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Rebuilding of Iraq Offers Hope and Peace
By Sabah Hajjar :: Monday, March 5, 2007 :: 59260 Views :: Article Rating :: Government & Society, World News & Odds 'N' Ends

Fallujah, IRAQ - Chaldeans are taking an active role in rebuilding Iraq.  Although Chaldeans have been shut-out of the Iraqi government, that hasn’t stopped courageous Chaldeans from finding ways to rebuild the land they love.  “This land is our father and mother.  We were born from this ground.  We have a bond with this land.  We are the native people of this land for nearly ten thousand years,” says Ibtissam Halibu. 

Halibu’s husband currently serves in the Iraqi government as a field engineer and is one of the nearly thousands of Chaldeans serving Iraq.  Chaldeans are helping the U.S. Military and the Iraqi police bring peace to a nation torn by insurgents bent on creating instability and chaos.

Even though the U.S. Military receives little recognition for the redevelopment effort in Iraq, American Soldiers and Marines continue to risk their lives improving the quality of life for all Iraqi’s.  “I have seen first hand of new schools, health clinics, and police stations being built everyday,” says Walid Poules, an engineer and construction contractor.

Fallujah was the once hotbed of violence but, now grows with job opportunities and reconstruction efforts.  A $28 million project to build a new sewerage system is just one of the recent projects that has given hundred’s of Iraqi’s new jobs.   Sattar Saed, the engineer managing the project is thrilled that insurgent activities have decreased.

In last November's U.S.-led offensive in Fallujah, hundreds of insurgents were killed. The Iraqi police have enforced curfews, checkpoints and other stringent security measures to prevent the city from falling back into insurgent hands.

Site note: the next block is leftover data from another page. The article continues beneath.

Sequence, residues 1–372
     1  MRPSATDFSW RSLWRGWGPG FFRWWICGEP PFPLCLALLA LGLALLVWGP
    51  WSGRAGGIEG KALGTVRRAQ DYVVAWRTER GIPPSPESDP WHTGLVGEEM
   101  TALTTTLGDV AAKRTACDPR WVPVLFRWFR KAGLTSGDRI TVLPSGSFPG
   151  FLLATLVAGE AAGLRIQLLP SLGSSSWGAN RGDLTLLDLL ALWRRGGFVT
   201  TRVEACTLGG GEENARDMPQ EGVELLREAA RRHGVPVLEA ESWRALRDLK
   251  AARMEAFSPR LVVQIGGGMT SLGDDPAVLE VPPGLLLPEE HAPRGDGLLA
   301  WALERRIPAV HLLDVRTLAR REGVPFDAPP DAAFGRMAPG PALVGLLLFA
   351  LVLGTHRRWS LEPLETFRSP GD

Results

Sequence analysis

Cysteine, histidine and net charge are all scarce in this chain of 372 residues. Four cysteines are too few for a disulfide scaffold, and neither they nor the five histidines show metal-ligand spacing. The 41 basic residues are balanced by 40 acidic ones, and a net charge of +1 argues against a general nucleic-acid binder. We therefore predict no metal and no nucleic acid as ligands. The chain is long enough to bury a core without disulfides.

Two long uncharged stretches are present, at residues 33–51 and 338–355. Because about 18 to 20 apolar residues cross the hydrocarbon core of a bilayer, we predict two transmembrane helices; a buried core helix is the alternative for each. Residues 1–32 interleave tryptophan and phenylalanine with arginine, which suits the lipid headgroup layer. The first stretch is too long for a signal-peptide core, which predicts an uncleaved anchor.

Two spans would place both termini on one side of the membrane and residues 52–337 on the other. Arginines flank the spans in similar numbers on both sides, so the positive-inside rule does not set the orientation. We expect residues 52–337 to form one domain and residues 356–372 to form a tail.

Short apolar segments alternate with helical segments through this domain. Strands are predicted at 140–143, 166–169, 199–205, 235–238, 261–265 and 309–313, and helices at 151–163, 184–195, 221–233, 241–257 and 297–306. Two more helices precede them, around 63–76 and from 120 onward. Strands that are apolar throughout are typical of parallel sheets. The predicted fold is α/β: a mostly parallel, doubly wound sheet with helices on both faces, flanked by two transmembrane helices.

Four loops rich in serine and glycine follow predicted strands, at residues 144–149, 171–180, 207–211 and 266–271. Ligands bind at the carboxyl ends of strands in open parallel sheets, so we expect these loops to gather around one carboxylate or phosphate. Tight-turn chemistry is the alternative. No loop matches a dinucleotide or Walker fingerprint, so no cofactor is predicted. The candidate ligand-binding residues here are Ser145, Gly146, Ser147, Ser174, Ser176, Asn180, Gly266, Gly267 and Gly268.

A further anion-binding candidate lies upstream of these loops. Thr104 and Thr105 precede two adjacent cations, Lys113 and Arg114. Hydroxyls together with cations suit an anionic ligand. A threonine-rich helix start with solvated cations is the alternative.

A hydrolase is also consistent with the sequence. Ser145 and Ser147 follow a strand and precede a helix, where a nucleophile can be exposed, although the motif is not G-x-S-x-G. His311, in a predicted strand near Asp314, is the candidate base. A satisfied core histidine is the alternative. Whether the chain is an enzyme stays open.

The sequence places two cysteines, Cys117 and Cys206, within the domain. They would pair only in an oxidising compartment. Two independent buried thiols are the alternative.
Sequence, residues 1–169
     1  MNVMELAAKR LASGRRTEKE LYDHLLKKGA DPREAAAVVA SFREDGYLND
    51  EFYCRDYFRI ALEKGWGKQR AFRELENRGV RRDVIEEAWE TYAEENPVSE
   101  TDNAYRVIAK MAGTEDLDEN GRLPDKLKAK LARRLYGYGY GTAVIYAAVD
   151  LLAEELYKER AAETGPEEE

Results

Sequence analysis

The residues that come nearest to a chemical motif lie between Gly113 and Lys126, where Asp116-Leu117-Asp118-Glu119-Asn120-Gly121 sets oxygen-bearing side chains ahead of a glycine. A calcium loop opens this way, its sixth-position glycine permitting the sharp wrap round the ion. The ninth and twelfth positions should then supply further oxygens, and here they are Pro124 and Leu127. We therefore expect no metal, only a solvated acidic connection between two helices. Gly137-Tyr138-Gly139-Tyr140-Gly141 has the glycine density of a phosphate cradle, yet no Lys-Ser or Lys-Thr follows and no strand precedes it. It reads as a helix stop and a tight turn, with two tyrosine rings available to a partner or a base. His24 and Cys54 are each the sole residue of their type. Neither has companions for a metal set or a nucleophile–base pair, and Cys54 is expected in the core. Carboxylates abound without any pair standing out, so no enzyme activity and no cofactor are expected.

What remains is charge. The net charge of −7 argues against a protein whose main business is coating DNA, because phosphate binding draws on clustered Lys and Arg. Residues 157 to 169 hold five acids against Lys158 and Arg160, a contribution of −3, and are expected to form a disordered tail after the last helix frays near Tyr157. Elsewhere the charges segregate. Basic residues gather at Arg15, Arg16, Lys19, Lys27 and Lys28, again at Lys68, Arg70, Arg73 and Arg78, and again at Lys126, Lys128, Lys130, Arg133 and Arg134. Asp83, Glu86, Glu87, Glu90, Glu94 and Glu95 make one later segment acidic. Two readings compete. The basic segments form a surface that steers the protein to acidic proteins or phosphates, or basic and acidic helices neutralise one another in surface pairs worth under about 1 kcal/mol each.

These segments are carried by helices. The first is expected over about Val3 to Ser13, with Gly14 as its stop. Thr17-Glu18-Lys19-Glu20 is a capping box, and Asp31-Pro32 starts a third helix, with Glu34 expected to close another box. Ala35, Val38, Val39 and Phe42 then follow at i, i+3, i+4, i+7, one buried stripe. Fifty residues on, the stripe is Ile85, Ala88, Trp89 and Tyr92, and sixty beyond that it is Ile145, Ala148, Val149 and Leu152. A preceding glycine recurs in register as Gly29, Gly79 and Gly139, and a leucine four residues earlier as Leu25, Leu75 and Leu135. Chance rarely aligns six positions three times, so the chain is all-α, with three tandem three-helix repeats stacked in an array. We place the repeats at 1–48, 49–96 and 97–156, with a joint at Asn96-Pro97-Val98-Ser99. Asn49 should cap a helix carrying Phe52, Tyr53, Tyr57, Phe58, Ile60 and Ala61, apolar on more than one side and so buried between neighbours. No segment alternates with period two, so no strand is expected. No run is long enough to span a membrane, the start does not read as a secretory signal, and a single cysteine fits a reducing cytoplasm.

The promising seeds of stability are starting to return as Fallujah has a 21-person city council.  Meanwhile, insurgents have not given up on Fallujah. American and Iraqi personnel still remain on alert as they work to rebuild.  The insurgent danger continues to loom in the shadows as as democracy takes hold. 

Col. Charles M. Gurganus, commander of the 8th Marine Regiment, which oversees the region that includes Fallujah, said the security measures have ensured that "Fallujah probably is the safest place in al-Anbar province. . . . We keep a pretty tight clampdown on this place."  Many people here say they do feel safer and are excited about the rebuilding efforts.

In an effort to generate work in Fallujah, Iraqi officials have identified over$100 million worth of projects, including a $30 million electricity distribution system, $7 million in water system upgrades and the sewerage project. New schools, police stations, clinics and water treatment plants are underway.

The Taleb Janabi Hospital, a privately-owned facility, will receive $150,000.  "This is truly a collaborative effort here. It was great creative problem solving to address the immediate needs of Fallujah," U.S. Army Col. Terry Parker. 

In addition to the renovations at Janabi, the following are ongoing and upcoming medical projects in Fallujah:

  • Fallujah General Hospital is slated to receive a new x-ray machine and a CT scan, diagnostic equipment used to generate anatomy imaging, in the next couple of weeks from the Iraqi Ministry of Health.
  • Three medical clinics have been rehabilitated and opened and five new clinics are scheduled to be built, according to the ministry. 
  •  A total of $6.2 million, which was supplied by the ministry, has been earmarked for the Fallujah General Hospital and medical clinic renovations in and around the city. 
  • The Ministry of Health has also recently allocated $40 million for a new general hospital in Fallujah.